In my opinion, YVC strikes a chord with me when I’m able to see, in real time, the effect that my service is making for the people that I’m helping. I love seeing others smile, and while I graciously accept the thanks, I’m more proud that I was able to provide them with something they didn’t have before, just by donating a few minutes of my time. I would love to coin this type of service as “Tactile Service.”

A form of tactile service I participated in for YVC of Philadelphia was the Honey Festival in September of 2016. Every year, Bartram’s Gardens, a huge plant conservatory located in the heart of the city, invites members of the community to participate in activities and events centered around beekeeping, bee conservation, pollination and honey farming. It gives a spotlight to Philadelphia’s local small businesses and contributes to Philadelphia’s sense of unity.

When I arrived at the event, I helped with introductions, which entailed handing out fliers and welcoming guests to Bartram’s. There were many people from diverse age ranges, and I noticed that many of the smaller kids were eager to join in the festivities. Many were excited about the parade, while others were just happy to have a free apple provided by Whole Foods. Either way, it was great to see that kids were responding so positively to the event.

I swapped jobs with a few other students and worked with my fellow YVC of Philadelphia member, Winnie, to create bee costumes for kids. It was in these moments that I realized how expansive the kids section of the event was. It was located on a luscious green hill, unobstructed by foliage or any artificial structures. Despite its small size, it was the closest thing to a plain I’ve seen in the city and very well kept.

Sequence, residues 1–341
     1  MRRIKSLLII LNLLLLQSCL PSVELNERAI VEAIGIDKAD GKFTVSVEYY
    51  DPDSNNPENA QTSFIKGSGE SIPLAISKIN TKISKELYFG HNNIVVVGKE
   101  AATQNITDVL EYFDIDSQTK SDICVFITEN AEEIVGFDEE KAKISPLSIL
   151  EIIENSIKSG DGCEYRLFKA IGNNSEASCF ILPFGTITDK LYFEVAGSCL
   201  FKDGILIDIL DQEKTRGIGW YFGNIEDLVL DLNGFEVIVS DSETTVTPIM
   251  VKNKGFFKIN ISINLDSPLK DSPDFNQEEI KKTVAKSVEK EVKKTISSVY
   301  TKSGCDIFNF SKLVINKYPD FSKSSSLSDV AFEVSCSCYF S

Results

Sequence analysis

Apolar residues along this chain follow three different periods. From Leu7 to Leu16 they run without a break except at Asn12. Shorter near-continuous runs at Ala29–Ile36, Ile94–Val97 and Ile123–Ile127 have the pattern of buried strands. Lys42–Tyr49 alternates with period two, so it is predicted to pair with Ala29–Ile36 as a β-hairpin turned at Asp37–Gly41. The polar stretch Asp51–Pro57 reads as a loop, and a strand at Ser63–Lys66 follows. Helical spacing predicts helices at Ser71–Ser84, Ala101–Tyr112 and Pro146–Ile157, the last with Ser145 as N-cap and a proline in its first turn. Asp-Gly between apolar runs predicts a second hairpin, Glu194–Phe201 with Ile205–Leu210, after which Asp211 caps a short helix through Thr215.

Kids would line up to our small section to create their own bee costumes. I was tasked with twisting together pipe cleaners to make bee antennae while Winnie fashioned together some wings out of cloth. It was a blast, and many of the kids, ages three to six, thanked us for their new costumes. It was one of the first times that I had the chance to see the impact I made on a group of people in real time. The joy present on both the kids and parents faces felt genuine and it was something that I know I directly affected.

That one day of “Tactile Service” is something that I will never forget, and it’s just one of many memories that I hold from Youth Volunteer Corps.

 

 

This guest blog post was submitted by Dante Diggs.

Dante Diggs is a senior in high school and volunteers with YVC of Philadelphia. He serves as a member on YVC’s International Youth Advisory Board.

 

 

Share this post: